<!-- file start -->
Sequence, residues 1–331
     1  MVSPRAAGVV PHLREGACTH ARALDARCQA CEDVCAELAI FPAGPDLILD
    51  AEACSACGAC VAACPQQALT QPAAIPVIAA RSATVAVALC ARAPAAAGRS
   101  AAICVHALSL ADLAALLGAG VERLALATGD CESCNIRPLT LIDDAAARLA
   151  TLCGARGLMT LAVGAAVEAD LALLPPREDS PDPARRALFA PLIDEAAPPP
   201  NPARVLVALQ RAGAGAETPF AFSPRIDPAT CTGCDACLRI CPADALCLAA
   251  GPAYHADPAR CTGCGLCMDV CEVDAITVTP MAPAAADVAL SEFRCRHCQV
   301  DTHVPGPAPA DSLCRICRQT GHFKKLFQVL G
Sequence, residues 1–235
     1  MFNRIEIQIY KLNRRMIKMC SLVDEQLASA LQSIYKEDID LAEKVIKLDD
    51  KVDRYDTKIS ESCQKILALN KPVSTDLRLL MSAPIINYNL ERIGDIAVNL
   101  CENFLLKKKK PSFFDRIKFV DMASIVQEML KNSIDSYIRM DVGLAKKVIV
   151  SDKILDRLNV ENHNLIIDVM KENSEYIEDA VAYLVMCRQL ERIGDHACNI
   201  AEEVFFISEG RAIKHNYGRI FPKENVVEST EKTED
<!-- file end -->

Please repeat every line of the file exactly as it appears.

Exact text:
Sequence, residues 1–331
     1  MVSPRAAGVV PHLREGACTH ARALDARCQA CEDVCAELAI FPAGPDLILD
    51  AEACSACGAC VAACPQQALT QPAAIPVIAA RSATVAVALC ARAPAAAGRS
   101  AAICVHALSL ADLAALLGAG VERLALATGD CESCNIRPLT LIDDAAARLA
   151  TLCGARGLMT LAVGAAVEAD LALLPPREDS PDPARRALFA PLIDEAAPPP
   201  NPARVLVALQ RAGAGAETPF AFSPRIDPAT CTGCDACLRI CPADALCLAA
   251  GPAYHADPAR CTGCGLCMDV CEVDAITVTP MAPAAADVAL SEFRCRHCQV
   301  DTHVPGPAPA DSLCRICRQT GHFKKLFQVL G
Sequence, residues 1–235
     1  MFNRIEIQIY KLNRRMIKMC SLVDEQLASA LQSIYKEDID LAEKVIKLDD
    51  KVDRYDTKIS ESCQKILALN KPVSTDLRLL MSAPIINYNL ERIGDIAVNL
   101  CENFLLKKKK PSFFDRIKFV DMASIVQEML KNSIDSYIRM DVGLAKKVIV
   151  SDKILDRLNV ENHNLIIDVM KENSEYIEDA VAYLVMCRQL ERIGDHACNI
   201  AEEVFFISEG RAIKHNYGRI FPKENVVEST EKTED